Nearly two-thirds of the Eastern Cape's sewage works pose a "severe risk" to public health, according to the latest Green Drop Report.
On the operational performance of the province's 123 wastewater treatment plants, the document describes 70 as being in a "critical state", while a further 20 have delivered a "very poor performance".
Further, it notes that 50 of the region's sewage plants have been classified as "high risk", and another 29 as a "critical risk" to local water resources and public health.
Threat to public health, environment
"Unfortunately, the higher risk positions are still occupied as a predominant feature of the Eastern Cape [64% of the plants], indicating that a severe risk is still imposed on public health and the environment."
The report calls for renewed efforts to "compel" plants to improve their standards.
It further lists nine "critical risk" municipalities that have been "placed under regulatory surveillance".
These are, in order of the risk they pose to public health:
OR Tambo District Municipality;
Blue Crane Route Local Municipality;
Baviaans Local Municipality;
Ndlambe Local Municipality;
Chris Hani District Municipality;
Alfred Nzo District Municipality;
Koukamma Local Municipality;
Joe Gqabi-Ukuhahlamba District Municipality; and,
Camdeboo Local Municipality.
The Eastern Cape is not the only province where sewage treatment alarm bells are ringing.
In its risk assessment of Limpopo's 67 waste water treatment plants, 52 of which are in a "critical state", the report says the findings paint a "bleak picture" for the region.
"Only four plants in the entire Limpopo still reside in low and medium-risk space, with all other 63 plants in high and critical risk landscape.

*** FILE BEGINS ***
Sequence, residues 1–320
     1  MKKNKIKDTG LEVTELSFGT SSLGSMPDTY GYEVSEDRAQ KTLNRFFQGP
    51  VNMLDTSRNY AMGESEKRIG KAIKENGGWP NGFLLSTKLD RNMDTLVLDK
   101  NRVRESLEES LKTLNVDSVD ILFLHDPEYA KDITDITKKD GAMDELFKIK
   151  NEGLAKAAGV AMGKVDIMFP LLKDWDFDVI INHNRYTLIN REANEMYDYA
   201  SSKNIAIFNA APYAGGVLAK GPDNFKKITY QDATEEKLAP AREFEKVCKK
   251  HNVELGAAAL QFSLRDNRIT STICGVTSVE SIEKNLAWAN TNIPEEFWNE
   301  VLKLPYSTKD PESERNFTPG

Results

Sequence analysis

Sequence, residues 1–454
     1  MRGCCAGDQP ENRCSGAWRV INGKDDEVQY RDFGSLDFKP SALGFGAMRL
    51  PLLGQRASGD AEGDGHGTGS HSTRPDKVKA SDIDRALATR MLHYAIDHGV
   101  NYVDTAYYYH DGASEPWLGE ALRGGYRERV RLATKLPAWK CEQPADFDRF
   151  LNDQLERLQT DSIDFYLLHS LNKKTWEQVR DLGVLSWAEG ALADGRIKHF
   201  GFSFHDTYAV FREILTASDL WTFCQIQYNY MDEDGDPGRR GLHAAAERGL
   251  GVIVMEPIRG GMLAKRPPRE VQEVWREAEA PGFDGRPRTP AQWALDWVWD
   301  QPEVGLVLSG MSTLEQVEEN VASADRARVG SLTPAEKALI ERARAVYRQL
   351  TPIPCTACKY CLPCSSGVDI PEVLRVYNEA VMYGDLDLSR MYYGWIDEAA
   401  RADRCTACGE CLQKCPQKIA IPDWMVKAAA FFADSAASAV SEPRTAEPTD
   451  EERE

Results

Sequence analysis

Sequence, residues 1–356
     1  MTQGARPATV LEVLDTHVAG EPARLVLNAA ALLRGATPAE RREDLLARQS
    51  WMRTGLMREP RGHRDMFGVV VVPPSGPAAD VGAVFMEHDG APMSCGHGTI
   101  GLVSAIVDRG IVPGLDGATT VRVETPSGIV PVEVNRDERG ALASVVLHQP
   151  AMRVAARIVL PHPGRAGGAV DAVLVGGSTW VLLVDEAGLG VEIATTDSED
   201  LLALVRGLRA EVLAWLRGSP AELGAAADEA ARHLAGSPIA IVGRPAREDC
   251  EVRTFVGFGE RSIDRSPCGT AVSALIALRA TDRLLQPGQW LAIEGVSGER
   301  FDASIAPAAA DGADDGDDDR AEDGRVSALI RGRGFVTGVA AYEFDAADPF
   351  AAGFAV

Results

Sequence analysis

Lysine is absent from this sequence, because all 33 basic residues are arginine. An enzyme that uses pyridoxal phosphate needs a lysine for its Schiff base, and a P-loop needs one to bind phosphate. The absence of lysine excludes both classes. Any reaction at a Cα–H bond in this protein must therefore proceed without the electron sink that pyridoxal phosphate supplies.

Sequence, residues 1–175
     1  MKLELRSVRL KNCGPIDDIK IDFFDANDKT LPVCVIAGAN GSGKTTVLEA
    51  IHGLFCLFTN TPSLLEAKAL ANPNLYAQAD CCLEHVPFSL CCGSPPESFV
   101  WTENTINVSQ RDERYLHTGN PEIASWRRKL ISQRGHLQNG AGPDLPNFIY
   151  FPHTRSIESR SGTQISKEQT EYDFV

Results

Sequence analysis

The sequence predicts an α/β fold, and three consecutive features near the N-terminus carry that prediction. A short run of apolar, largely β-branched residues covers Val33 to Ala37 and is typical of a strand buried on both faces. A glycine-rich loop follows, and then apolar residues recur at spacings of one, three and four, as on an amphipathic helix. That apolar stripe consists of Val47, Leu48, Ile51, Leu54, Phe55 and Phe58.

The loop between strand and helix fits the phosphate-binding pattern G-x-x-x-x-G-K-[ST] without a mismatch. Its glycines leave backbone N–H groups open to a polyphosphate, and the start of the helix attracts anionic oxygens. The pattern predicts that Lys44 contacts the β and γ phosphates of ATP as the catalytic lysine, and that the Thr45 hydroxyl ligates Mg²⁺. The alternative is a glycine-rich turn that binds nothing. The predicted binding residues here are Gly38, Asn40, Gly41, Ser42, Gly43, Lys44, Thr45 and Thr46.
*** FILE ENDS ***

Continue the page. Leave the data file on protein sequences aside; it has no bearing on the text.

"The trend is beyond disquieting and raises serious regulatory alarms."
The report calls for a "different strategy and turnaround plan for the province" if it is to recover "this atrocious state" the province finds itself in.
Speaking at a media briefing, Water and Environmental Affairs Minister Edna Molewa, asked if she was worried about the severe health risk in the Eastern Cape, said the situation in South Africa's poorer provinces was of great concern to her.
"I am actually concerned, as political head, that we still have in South Africa... a situation where some of the municipalities are still struggling to get to a level of accounting on the quality of water... in the Eastern Cape, in Limpopo, and in other poorer provinces."
The Green Drop Report was intended to reduce this risk.
"We really need to do a lot... it's a very great concern for us," she said.
Earlier, she told journalists the department had initiated several “processes” to support struggling municipalities, including setting up a “rapid response team” to tackle critical problems.
Further planned interventions included the roll-out, by her department, of the Regional Bulk Infrastructure Grant and the Accelerated Community Infrastructure Programme. - (Sapa, July 2011)
Water quality report shocks